Thursday, 22 February 2018

Striking to save our pension

Today is day one of a strike by members of the UCU trade union, of which I am a member, and therefore a striker. 

I don't think anyone much wants to undertake strike action, and the reasons behind it have to be pretty strong before they take this step.  

The collective group of our employers, Universities UK (UUK), have proposed to stop the defined benefit pension scheme, in which we will work towards a pension which is a guaranteed amount based on our salaries and length of service, and in which all the money paid in by all members is lumped together and used to pay out pensions of those retired.  They propose to change it to one in which we each build up our own individual pension pot, which we then treat like a private personal pension when we retire.   It may not sound utterly outrageous, but all estimates suggest that it will results in significantly decreased pensions for all staff -- particularly younger staff.  What's more, the modelling on which it is based is extreme and unrealistically pessimistic.  In fact, this modelling showed that even in the most extreme worst-case, that all universities were to close immediately, and all the current investments were immediately de-risked into low-yield gilts, then the scheme would still be in surplus with a high probability, but because of the uncertainties in modelling, there is a possibility that the pot would be in deficit, that we should right now slash all future benefits.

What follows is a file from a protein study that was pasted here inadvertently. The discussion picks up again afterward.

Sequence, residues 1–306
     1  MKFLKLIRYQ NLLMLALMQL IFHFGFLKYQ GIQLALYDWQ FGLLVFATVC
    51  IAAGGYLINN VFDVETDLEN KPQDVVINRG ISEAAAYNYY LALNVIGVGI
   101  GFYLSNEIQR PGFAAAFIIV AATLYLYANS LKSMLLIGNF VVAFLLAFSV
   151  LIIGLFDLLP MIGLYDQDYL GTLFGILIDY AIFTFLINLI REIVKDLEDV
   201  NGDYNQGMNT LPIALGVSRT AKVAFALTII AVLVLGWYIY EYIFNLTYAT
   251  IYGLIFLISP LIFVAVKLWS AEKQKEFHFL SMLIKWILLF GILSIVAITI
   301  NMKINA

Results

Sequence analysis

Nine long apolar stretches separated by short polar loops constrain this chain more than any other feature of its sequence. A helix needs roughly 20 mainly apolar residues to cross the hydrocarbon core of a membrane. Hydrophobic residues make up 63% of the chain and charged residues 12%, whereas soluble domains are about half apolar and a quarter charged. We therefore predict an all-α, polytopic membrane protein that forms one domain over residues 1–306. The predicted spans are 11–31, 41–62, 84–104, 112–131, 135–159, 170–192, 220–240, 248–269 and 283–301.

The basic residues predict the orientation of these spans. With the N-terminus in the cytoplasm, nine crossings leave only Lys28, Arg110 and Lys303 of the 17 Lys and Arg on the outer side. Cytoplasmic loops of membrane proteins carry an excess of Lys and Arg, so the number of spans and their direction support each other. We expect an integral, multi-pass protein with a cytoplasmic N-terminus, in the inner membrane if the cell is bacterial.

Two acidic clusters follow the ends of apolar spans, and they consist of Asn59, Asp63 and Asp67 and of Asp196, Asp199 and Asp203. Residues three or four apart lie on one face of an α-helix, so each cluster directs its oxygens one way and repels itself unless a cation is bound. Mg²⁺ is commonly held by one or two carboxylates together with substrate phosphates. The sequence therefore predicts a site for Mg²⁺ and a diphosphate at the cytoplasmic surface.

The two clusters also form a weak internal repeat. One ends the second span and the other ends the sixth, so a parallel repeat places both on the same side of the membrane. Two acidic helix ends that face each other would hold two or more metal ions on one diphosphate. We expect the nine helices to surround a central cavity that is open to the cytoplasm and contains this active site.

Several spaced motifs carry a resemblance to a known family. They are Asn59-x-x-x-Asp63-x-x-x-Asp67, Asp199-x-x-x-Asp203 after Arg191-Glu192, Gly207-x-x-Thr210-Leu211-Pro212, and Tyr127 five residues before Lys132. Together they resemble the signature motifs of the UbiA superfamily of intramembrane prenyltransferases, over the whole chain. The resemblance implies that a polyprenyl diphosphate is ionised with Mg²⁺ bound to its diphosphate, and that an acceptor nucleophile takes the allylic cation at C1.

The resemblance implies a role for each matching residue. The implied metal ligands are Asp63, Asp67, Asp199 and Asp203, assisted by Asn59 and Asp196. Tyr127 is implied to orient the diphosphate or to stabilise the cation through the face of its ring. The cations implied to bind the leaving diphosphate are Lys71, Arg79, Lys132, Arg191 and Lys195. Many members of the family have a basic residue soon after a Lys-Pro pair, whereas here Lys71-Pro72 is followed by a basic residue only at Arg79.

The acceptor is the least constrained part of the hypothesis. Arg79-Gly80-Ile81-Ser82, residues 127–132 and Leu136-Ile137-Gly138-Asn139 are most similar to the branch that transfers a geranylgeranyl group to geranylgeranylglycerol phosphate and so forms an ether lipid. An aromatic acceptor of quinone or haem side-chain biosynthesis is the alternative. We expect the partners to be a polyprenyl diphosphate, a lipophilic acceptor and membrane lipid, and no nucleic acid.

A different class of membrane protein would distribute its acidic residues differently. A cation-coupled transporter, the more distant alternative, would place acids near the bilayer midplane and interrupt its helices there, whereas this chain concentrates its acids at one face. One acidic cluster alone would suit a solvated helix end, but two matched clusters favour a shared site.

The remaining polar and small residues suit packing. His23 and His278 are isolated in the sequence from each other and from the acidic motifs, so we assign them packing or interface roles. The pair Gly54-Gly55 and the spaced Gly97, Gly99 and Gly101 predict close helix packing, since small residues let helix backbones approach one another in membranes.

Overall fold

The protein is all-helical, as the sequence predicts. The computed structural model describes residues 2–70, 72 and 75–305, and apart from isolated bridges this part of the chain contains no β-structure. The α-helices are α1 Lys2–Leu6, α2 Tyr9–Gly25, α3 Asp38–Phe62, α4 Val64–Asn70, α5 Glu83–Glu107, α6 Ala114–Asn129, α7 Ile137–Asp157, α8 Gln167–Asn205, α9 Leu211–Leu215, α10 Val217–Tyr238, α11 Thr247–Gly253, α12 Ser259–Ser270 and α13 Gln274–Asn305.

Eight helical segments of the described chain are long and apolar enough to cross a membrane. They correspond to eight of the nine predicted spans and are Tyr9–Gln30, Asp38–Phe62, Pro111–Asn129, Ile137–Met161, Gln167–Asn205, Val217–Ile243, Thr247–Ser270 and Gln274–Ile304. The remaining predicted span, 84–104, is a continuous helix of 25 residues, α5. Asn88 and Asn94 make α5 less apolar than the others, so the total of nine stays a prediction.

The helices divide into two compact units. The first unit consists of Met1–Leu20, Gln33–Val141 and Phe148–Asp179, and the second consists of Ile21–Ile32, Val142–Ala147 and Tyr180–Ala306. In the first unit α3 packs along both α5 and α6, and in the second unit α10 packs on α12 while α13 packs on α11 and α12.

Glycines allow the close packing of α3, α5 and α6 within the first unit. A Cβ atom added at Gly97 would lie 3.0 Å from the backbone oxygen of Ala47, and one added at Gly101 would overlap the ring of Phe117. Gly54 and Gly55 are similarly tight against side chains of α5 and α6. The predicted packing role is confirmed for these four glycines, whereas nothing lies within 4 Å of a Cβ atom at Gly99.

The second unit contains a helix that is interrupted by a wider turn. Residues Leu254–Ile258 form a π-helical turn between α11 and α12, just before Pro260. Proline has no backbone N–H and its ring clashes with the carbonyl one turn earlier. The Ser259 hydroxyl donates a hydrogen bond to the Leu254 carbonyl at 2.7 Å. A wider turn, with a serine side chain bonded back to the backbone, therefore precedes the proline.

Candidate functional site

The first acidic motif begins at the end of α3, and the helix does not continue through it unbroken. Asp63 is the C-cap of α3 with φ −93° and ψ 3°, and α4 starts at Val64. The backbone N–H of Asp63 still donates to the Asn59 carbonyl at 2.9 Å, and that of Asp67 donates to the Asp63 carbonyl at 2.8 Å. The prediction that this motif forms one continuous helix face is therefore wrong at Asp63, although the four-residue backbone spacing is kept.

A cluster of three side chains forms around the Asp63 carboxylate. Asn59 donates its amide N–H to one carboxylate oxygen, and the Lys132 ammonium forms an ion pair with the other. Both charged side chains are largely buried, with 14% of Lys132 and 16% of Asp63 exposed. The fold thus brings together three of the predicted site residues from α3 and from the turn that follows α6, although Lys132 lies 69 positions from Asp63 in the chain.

Perhaps unusually for a strike, many University Vice-Chancellors are calling for UUK to accept UCU's call to come back to the negotiating table and I can only hope that they do so.  I don't enjoy being on strike, and I'm sorry for the negative effect it has on students.  I also appreciate the support of many students for the action, and hope as much for their sake that it is successful in keeping academia as a (reasonably) attractive place to work.


Wednesday, 21 February 2018

Nuclear Data Community Pleased, as Punch-Card Format Superseded